By Sam Packer, media campaign manager
Last Thursday was the UN’s world television day. Established in the 1990s, and perhaps not the most widely celebrated awareness day in an age where a new one arrives weekly, it is nonetheless a helpful reminder that television remains the single most used form of media the world over. When pondering the wonders of the small box with moving pictures, it is always worth remembering that everyone has to pay an annual tax for the privilege.
The BBC licence fee, paid on the basis of television ownership, in reality funds a huge media organisation. This includes not just television stations but a vast chunk of the radio and online news markets, both at home and overseas, as well as impressive press handling and public relations arms of its own. The annual TV tax funds one of the largest media empires in the world.
As proponents of reducing the tax burden, especially on ordinary people, the TaxPayers’ Alliance have been consistent champions of scrapping the television tax. But many politicians are deeply nervous about picking a fight with the BBC megalith. The Brexit Party and the DUP are the only two parties to openly advocate for scrapping the fee, though Tory ministers have appeared emboldened in recent months. Nevertheless, this is an issue MPs have been keen to avoid, particularly since the 2016 Charter Review. But the problems with the current BBC model are deep and unavoidable.
The first question to be addressed is a simple one which has no truly satisfactory answer: why should the government own a huge chunk of any major industry? Though it faces new challenges from a resurgent drive for re-nationalisation, privatisation is one of the great successes of the late 20th century. Thatcher’s privatisations were economically transformative, made failing industries more viable, provided better value, higher quality services to the public and inspired similar movements across the world.
Why should media be an exemption to this principle? If anything, media is one of the worst industries for governments to have a significant stake in. Government legitimacy stems from public opinion, and media is the main way in which the public are informed of government decisions. A natural conflict of interest emerges, even if defenders would point to the BBC charter and the guarantee of supposed neutrality. But even the perception of bias is all an ideological government would need to justify interfering with the BBC’s editorial line, with the power to do so.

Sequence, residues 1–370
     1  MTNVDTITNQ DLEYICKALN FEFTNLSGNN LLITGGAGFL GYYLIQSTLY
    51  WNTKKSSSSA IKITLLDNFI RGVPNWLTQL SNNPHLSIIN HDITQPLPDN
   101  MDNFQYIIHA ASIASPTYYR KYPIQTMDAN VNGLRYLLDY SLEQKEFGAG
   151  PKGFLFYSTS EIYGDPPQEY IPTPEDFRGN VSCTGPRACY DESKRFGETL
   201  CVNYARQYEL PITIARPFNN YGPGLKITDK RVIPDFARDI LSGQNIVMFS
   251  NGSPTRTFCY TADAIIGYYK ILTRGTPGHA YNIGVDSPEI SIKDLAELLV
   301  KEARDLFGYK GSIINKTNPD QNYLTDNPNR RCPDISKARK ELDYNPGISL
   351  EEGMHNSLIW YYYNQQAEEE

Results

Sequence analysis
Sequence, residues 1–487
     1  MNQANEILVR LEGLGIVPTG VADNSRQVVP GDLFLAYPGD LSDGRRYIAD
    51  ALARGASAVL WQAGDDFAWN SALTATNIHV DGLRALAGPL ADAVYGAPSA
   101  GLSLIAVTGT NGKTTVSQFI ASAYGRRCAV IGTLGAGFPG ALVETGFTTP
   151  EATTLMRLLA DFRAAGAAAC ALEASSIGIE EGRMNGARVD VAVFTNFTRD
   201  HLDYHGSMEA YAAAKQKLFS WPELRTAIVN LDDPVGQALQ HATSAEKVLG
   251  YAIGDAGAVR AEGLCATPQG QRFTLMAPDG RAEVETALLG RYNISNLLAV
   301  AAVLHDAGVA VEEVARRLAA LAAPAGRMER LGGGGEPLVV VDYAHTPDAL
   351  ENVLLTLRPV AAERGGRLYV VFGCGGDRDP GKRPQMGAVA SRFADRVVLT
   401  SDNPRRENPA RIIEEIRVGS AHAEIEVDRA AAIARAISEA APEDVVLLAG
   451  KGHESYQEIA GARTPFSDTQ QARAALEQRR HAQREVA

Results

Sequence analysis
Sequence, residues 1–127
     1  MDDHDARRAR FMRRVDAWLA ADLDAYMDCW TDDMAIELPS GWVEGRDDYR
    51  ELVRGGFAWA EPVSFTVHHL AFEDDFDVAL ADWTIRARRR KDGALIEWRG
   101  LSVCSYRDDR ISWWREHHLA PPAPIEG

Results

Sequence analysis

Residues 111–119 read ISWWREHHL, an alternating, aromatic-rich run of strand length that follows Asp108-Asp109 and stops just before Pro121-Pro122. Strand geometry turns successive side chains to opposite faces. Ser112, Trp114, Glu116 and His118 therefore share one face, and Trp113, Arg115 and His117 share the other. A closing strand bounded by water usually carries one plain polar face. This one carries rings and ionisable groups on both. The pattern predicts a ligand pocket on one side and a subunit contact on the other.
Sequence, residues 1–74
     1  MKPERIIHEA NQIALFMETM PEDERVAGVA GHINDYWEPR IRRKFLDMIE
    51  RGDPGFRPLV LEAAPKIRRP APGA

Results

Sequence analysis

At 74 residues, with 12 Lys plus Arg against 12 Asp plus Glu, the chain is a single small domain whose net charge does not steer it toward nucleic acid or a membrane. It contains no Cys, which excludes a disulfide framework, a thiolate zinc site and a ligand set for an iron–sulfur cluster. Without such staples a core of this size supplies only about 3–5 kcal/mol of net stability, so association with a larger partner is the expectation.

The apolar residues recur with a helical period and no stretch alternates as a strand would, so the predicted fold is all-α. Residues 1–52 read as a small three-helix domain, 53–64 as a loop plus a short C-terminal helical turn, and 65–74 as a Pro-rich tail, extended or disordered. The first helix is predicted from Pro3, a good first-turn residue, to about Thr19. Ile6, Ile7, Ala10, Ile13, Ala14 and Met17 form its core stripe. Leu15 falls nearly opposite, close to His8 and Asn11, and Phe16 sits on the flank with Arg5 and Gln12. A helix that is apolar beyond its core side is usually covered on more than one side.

Of course, the BBC is far from owning the entire media market. However, few would advocate in favour of the government owning by far the largest company in any other sector. Why should the media be an exemption? Were the BBC privately owned, the Competition and Markets Authority would have long since intervened over its extraordinary share of the market. A 2015 study, ironically intended to highlight the horrors regarding other private media owners, showed that the BBC had a 33% broadcast share of TV and 54% of radio. In virtually any other mass consumer industry those numbers would make us squirm - not least if the market leader was government-owned, comfortably funded by taxation, politically powerful and insulated from competitive pressure.
Putting questions of principle aside, there are plenty of practical reasons the license fee is not fit for purpose. Public money should not be lining the pockets of veteran broadcasters. Would it not make more sense for a 'public service' institution to maintain a strict limit on salaries and in so doing give far more opportunity to young talent? Other commercial services actually do a far better job of this.
What’s more, when a Netflix subscription is £8 a month, why should nigh on every household in the country be compelled to pay nearly £13 for content they have no choice in and they may never watch? How can even the most ardent socialist, who holds that public ownership is always preferable to private, endorse what is effectively a poll tax - only in this case those paying have no say over what services are provided from their tax receipts? It is taxation, without representation, levied on both the very richest and the very poorest.
The licence fee model means that there is no option for those who wish to avoid the BBC (and save money) to do so. That neutralises a great deal of the competitive pressures which are normal in almost every other part of modern life. It protects the BBC from scrutiny by providing them with guaranteed funding. There is no means of applying pressure on them to provide more content you want to watch or listen to by reducing your subscription, or consuming fewer adverts on the platform. The system effectively undermines the power of consumer choice. If the licence fee is such brilliant value, as the BBC and plenty of its advocates argue, why should it be worried by the public having a choice of whether to pay for it?
The upcoming UK launch of the joint BBC-ITV streaming service Britbox, which will charge customers a £5.99 subscription a month, shows that the BBC clearly believe its television output is good enough for people to pay for it willingly. So why not apply this to their general output? Perhaps the Britbox model can be an inspiration to the BBC going forward.
The licence fee is a hangover from a past media age. It is high time that politicians saw the problems in the system and put a stop to this annual poll tax. Whoever wins the election, when potential BBC ministers Nigel Adams or Lord Griffiths consider their planned reforms, bringing the licence fee into the 21st century should be the first thing on their mind.